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Learning to Fly

This month we are delighted to introduce Alan Rooney, a Foundation Year student. Alan is sharing his experience of starting his psychotherapy therapy at Physis Scotland and we are delighted he has chosen to share his story in our blog.

The engine throbbed and thrummed as the little, 1940s built, two-seater single-engine airplane ran down the runway until it reached take-off speed. The instructor was sat in the back, but not taking a backseat, as he was in control. Then it was off, up in to the sky above RAF Turnhouse. The pilot pulling back on the joystick and the little engine did it’s work to get us up to where we could level off. Flying out over the Firth of Forth, with the rail bridge and the road bridge below us, was such a lovely sight and feeling.

After a short while cruising through the clear blue sky, the instructor’s voice came over the headset intercom to say that we would be doing some aerobatics today. As a 14-year old, just there for an “air experience” flight, I gulped – several times – hoping that he wouldn’t hear me through the throat mike wrapped around my neck. I hoped that he only heard the cautious OK that I think that I might have responded with.

We are going to be doing a loop today, he said, and then went on to explain how to perform the maneuver. It all sounded fairly straightforward, even to my young mind, but then came the moment to put it in to practice. I’m not sure if I gulped this time, but it was certainly a moment of great anticipation and excitement.

“You have control” came over the headset. “I have control” I replied.

Taking the joystick, I pulled back and pulled back on the stick until it was up against my stomach. The little craft started climbing up and up, with me holding on and pulling. It began to loop until we were upside-down. We were both securely strapped in but I was very aware of hanging upside-down in the cockpit, dropping out of the seat ever-so-slightly because of the slight give in the canvas straps.

At the top of the loop it was time to start the descent, still pulling the joystick back towards my somewhat discombobulated stomach. Just as my instructor had assured me, the airplane began to head back towards the ground until it was about level with the horizon again. Then it was simply a case of bringing the joystick back to it’s normal position. Easy!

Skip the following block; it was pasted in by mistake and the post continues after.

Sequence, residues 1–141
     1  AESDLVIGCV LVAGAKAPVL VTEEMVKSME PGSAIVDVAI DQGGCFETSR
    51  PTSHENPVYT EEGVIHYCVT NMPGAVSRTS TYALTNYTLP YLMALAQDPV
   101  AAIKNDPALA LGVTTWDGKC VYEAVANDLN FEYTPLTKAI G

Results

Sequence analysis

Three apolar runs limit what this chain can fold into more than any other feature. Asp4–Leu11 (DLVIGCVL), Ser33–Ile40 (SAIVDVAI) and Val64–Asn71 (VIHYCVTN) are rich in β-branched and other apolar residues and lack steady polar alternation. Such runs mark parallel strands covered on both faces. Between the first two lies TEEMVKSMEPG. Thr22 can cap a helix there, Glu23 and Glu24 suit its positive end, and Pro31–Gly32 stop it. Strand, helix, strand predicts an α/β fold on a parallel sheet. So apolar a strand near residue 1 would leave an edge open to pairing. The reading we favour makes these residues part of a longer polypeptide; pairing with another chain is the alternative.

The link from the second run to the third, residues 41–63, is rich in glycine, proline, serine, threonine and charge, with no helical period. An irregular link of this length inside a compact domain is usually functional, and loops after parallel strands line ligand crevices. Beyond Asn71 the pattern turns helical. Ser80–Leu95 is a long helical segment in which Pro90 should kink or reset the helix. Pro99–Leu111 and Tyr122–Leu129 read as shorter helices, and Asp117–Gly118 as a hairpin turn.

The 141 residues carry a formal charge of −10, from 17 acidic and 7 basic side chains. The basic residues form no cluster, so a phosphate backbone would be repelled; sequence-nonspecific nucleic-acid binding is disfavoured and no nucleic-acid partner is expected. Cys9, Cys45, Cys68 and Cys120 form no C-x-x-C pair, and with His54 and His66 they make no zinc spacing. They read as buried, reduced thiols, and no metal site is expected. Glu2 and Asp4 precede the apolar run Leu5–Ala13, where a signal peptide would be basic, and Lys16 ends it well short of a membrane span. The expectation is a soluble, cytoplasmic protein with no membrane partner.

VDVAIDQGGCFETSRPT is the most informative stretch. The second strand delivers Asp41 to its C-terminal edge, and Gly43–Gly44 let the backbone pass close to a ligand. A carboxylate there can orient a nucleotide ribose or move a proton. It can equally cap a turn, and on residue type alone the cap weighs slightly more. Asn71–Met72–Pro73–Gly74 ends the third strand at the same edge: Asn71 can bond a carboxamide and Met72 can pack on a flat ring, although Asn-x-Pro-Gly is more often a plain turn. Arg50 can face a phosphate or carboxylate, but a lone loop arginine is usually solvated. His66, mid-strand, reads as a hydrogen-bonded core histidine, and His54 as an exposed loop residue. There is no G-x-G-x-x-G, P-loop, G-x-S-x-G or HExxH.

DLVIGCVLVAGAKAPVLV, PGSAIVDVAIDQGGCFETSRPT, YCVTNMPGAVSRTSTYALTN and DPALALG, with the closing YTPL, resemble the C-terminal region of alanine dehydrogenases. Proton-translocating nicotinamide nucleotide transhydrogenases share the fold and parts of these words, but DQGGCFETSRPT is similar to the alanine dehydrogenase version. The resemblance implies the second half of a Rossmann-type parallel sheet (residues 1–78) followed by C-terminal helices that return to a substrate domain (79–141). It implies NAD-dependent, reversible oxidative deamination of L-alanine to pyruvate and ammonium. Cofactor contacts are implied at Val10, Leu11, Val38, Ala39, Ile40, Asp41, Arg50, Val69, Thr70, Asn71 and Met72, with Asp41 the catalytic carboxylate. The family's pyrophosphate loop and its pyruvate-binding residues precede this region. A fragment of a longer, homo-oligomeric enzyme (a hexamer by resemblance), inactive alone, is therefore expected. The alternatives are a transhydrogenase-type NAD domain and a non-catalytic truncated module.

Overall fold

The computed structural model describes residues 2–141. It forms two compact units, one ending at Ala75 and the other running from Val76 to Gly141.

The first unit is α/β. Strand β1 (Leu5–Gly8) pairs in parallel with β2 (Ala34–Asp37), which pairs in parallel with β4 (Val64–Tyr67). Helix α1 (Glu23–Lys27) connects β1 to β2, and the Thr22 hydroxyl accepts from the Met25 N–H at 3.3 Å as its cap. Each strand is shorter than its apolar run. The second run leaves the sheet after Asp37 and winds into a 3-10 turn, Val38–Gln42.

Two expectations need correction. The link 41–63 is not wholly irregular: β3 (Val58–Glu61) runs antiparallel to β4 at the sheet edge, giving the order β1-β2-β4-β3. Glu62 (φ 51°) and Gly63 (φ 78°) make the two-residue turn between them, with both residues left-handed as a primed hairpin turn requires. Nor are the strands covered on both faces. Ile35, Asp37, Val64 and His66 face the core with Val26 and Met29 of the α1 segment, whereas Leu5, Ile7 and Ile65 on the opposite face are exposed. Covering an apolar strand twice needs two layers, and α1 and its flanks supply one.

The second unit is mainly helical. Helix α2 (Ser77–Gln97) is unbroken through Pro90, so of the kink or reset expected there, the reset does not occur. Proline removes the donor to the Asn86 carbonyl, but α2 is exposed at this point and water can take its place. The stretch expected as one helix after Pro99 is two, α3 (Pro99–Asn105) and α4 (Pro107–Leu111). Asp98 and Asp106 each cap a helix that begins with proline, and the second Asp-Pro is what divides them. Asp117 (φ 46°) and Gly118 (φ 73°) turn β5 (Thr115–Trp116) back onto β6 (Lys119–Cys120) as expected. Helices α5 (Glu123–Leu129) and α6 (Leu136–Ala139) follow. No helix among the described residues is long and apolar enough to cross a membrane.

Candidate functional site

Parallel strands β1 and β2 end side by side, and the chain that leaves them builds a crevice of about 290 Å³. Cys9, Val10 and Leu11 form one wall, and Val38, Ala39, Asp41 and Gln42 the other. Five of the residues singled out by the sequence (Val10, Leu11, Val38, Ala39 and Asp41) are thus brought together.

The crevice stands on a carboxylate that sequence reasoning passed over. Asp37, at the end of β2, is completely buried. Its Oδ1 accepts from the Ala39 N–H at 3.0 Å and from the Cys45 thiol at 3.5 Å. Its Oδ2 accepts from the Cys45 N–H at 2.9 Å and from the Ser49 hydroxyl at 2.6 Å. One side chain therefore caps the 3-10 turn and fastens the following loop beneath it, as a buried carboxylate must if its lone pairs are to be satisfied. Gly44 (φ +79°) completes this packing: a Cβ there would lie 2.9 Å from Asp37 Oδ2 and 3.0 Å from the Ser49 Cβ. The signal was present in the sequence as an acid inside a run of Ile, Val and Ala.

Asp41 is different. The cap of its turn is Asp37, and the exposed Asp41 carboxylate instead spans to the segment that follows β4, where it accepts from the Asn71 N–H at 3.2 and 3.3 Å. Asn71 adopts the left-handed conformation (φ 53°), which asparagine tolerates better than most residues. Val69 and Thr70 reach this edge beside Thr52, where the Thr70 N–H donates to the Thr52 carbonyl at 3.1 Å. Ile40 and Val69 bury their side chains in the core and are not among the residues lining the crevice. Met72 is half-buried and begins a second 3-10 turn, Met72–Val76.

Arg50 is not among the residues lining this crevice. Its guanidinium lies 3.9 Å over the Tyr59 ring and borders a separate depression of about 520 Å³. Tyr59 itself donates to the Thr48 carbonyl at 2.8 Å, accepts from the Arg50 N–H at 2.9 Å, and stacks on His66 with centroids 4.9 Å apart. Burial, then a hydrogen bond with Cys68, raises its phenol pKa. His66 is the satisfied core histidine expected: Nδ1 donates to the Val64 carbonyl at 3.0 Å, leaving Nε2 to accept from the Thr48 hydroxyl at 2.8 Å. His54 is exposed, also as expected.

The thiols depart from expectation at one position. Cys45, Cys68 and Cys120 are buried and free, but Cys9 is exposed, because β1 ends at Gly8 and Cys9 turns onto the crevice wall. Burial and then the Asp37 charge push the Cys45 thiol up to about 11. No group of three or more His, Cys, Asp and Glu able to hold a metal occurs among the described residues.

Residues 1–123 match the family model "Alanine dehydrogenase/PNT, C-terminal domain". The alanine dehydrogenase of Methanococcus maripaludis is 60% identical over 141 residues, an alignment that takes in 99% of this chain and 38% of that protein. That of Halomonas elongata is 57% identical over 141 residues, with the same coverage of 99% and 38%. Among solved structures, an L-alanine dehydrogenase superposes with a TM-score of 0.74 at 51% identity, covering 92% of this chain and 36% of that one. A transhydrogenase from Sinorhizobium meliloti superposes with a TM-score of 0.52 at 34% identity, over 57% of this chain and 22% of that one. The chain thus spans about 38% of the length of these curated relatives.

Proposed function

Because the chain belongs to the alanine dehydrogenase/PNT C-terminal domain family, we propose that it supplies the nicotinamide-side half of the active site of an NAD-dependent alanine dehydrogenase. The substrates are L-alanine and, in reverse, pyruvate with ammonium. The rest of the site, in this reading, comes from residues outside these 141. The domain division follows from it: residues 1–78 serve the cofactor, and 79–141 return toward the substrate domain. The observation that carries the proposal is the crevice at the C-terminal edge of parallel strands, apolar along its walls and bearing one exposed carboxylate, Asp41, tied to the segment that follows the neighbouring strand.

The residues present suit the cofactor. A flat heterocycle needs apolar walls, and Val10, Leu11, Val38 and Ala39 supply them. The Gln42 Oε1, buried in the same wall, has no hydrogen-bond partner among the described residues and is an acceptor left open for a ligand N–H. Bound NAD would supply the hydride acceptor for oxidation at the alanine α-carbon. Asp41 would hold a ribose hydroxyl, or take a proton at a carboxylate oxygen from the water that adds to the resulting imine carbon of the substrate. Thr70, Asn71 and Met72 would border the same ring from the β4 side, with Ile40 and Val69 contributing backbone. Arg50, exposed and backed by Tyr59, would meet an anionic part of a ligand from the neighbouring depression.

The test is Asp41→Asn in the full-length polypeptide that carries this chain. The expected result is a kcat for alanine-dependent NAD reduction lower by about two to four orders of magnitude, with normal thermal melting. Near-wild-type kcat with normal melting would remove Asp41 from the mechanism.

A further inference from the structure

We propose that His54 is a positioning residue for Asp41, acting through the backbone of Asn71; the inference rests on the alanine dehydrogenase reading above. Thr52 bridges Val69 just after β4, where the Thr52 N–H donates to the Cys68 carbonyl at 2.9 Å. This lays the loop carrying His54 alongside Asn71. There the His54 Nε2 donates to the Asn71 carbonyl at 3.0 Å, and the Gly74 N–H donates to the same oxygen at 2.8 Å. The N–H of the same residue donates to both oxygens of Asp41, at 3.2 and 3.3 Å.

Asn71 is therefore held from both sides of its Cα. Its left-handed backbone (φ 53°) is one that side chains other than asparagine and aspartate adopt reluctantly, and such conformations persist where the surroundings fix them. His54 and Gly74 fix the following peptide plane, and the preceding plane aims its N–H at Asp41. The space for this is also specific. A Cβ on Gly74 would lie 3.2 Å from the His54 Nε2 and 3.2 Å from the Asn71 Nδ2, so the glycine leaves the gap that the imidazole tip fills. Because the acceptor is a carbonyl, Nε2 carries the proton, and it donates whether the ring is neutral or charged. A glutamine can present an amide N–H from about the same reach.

Here I am now, as a Foundation Year student with Physis on a counselling and psychotherapy Diploma course, once again in Edinburgh. RAF Turnhouse is no longer there and in it’s place stands Edinburgh Airport. The only remnant from the past is the Spitfire sitting on it’s pedestal on the road to the modern Terminal.

Instead of my trusted pilot in the back seat of the light aircraft, I now have my course tutors, my fellow classmates, and my therapist as my teachers. I have certainly gulped again, a few times, as I have been asked to do things that I have never tried before. Or that I thought that I could not be capable of doing. This particular ride, too, is fascinating and exhilarating – and I certainly wish to stay along for the rest of the ride.

Instead of my various teachers telling me “You have control”, they tell me that I have permission. They give me permission.

My tutors explain the practice, how things work. They place their trust in me (and I in them) and give me permission to practice new personal skills with my vulnerable fellow students.

My fellow students give me permission to be in the room with them, to hear things that will stay there between us. Them holding me – and me holding them.

My dear therapist started the whole process for myself when she gave me permission to be me. She told me, like my flying instructor, that I have control. It was a turning point of my life. After so many years of not being giving myself permission, I was encouraged to grab the joystick and to give it a go.

Writing this, I thought about the word joystick. I was tickled by the fact that the “stick” is prefaced with the “joy”. In this Foundation Year I have experienced a liberation and a joy in being allowed to be me. A joy I had never allowed myself before.

My teachers – my tutors, my fellow students, my therapist – have given me the joystick and have given me their permission to grab hold of it. I wish to “stroke” them so much for granting me this privilege that they have entrusted me with and for them to know that they are valued and loved on this new journey we are all taking together.


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